Posts Tagged ‘YIMBY’

Photo Gallery: Town Hall Overflows with (N/Y)IMBYs

Tuesday, September 21st, 2010

By Village Tattler, on September 21st, 2010


(N/Y)IMBYs are easy to tell apart by their signs

Town Hall was filled beyond capacity Tuesday night well before public hearings began at 6pm.  A surly mob outside the door clamored for security to allow them into the meeting.  Studio 54 in the glory days never had so much intensity penned up behind the velvet ropes.  Instead of throbbing music and debauchery, the lucky ones on the inside were treated to a vote on whether to downzone Huntington Station for Transit Oriented Development, a hearing on term limits and lengthy public comments.  The Town Council voted against allowing TOD zoning in the Station and therefore stymied AvalonBay’s efforts to construct a massive 490 unit development south of the tracks in Huntington Station.  Mercifully, Supervisor Frank Petrone moved the vote on TOD ahead of the public commentary.  Once the vote was taken and TOD/Avalon defeated, many of the 102 speakers who had signed up for three minutes at the podium decided to find something else to do.  Photos from the evening follow. 

Lisa Tyson of the Long Island Progressive Coalition expresses her dismay at the outcome of the vote and the tone of the debate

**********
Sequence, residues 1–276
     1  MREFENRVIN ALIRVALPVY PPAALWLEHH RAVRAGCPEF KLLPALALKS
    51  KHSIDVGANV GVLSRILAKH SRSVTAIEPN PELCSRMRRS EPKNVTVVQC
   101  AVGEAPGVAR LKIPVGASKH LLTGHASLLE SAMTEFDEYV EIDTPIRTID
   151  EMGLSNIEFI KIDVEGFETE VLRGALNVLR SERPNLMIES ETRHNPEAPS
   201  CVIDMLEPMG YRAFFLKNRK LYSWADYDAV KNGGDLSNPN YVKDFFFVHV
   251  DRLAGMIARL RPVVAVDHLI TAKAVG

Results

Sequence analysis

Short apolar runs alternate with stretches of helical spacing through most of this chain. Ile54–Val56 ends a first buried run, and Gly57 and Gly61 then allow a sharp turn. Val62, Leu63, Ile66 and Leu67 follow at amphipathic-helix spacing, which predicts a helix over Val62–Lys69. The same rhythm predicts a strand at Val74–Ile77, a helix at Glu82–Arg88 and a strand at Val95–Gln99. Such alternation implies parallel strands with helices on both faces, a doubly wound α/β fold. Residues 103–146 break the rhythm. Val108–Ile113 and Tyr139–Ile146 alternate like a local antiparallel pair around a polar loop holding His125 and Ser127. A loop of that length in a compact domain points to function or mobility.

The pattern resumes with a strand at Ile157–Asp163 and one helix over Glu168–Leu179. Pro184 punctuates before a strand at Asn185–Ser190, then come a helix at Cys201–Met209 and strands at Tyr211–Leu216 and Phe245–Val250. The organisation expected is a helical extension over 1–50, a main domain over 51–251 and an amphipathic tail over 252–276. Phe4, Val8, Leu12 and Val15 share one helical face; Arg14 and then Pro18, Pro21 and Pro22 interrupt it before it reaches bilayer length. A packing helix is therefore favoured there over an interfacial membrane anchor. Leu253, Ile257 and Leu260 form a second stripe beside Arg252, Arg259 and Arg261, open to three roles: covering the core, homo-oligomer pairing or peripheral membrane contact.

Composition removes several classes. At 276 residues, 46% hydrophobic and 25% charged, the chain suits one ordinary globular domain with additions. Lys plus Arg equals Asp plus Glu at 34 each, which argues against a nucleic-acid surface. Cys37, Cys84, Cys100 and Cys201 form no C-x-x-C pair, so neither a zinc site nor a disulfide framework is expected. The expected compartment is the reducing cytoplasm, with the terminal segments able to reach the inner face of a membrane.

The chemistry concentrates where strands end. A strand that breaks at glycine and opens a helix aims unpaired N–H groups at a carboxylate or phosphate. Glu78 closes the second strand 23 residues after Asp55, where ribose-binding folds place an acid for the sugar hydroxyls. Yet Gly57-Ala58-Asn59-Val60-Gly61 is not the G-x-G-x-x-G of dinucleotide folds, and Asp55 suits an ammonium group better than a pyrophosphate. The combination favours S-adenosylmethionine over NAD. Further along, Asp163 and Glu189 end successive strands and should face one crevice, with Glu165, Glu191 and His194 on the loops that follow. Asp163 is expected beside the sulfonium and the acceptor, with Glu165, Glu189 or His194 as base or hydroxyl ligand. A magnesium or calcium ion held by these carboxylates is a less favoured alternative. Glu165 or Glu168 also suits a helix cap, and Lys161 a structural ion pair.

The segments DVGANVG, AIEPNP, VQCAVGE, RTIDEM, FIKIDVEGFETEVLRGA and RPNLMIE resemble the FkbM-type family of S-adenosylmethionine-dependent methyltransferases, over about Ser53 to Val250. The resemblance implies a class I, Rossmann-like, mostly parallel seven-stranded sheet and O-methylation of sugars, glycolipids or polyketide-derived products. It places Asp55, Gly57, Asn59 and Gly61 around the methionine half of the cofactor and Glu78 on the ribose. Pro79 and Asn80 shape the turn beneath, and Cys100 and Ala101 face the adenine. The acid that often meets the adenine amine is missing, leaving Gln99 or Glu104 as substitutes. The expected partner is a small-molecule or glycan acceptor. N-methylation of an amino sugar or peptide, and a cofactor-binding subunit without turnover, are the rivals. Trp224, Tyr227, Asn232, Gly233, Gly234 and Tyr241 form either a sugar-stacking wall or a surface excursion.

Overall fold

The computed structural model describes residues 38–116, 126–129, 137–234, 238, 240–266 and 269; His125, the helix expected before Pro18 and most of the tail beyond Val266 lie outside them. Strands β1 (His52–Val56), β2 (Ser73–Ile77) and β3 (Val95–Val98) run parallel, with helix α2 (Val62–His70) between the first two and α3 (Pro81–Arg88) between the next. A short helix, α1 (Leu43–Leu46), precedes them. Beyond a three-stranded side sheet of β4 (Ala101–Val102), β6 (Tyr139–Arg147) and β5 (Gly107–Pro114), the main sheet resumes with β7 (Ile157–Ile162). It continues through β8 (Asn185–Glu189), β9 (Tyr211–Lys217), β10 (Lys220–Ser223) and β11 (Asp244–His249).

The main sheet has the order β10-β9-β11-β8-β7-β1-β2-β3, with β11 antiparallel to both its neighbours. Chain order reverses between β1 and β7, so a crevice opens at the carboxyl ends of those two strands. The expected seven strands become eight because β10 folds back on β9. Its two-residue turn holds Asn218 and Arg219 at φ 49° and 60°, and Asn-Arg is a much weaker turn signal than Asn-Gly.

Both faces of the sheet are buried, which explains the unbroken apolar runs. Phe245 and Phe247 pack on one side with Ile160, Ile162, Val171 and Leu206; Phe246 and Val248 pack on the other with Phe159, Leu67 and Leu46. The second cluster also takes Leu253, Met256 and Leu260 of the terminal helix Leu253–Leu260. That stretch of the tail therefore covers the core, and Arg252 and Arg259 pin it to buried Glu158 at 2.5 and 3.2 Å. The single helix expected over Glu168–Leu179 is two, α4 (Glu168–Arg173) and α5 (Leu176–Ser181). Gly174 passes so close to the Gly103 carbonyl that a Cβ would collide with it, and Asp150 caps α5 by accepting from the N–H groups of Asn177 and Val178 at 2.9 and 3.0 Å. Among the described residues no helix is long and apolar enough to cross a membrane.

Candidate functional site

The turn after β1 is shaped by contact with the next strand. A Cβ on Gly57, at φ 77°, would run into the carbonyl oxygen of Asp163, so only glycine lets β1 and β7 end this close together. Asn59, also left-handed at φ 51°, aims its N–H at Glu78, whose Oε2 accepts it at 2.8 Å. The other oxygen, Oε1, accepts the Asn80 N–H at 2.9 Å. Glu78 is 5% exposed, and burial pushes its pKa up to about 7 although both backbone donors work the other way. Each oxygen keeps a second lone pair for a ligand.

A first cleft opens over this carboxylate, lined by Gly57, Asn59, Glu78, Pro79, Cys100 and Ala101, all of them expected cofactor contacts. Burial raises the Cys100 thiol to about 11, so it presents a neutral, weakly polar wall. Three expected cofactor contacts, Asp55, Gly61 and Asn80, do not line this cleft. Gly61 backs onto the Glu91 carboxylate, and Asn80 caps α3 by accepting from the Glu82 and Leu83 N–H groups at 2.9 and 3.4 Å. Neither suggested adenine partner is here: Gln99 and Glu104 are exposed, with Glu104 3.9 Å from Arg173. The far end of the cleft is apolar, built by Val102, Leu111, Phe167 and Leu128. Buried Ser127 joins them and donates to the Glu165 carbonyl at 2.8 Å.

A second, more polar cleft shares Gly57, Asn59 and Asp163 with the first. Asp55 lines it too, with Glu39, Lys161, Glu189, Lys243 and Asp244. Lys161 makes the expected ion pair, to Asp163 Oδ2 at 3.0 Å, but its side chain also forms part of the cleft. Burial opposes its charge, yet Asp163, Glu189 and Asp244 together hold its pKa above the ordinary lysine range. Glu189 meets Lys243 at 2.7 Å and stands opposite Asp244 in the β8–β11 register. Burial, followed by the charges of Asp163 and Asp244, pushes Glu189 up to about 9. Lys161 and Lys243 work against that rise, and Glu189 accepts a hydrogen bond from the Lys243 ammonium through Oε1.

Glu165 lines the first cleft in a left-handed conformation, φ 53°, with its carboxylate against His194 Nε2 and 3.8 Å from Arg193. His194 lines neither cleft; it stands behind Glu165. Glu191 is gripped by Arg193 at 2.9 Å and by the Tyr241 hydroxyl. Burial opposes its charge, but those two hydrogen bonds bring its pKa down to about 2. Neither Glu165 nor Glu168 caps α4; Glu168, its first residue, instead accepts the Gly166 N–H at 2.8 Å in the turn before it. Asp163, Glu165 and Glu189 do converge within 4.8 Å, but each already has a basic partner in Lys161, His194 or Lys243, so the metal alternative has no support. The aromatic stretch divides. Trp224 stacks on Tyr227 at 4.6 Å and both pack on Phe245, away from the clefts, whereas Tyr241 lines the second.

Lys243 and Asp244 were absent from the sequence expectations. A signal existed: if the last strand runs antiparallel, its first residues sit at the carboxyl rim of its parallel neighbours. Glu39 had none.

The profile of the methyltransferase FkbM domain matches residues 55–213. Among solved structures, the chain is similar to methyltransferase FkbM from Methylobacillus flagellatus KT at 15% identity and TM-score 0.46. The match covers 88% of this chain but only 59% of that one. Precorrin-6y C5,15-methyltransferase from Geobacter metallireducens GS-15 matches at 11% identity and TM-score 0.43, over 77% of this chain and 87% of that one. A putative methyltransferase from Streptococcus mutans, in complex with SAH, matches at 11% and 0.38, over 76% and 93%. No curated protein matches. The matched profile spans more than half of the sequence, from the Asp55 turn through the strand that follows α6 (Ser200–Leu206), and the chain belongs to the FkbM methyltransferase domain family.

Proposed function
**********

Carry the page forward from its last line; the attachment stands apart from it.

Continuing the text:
Lisa Tyson of the Long Island Progressive Coalition expresses her dismay at the outcome of the vote and the tone of the debate

Leaving Long Island

Wednesday, September 15th, 2010

Discouraged by the lack of affordable housing, young people are moving elsewhere

By Alex Costello

 Part one in a series, “Plugging the brain drain.”

For the past decade, Long Island has been losing college graduates and young professionals. The high cost of living and lack of affordable housing has forced them to leave the area in droves.

The phenomenon is known as the “brain drain.”

In 2000, 12.86 percent of the population of Long Island was between ages of 25 and 34. By 2008, that had dropped to 9.98 percent. According to the Long Island Index, 22 percent of the population of 25- to 34-year-olds left Long Island in that eight-year period.

“Long Island sends kids away to these great universities, and then they leave,” said Chris Capece, the development director for AvalonBay Communities on Long Island. “They don’t come back.”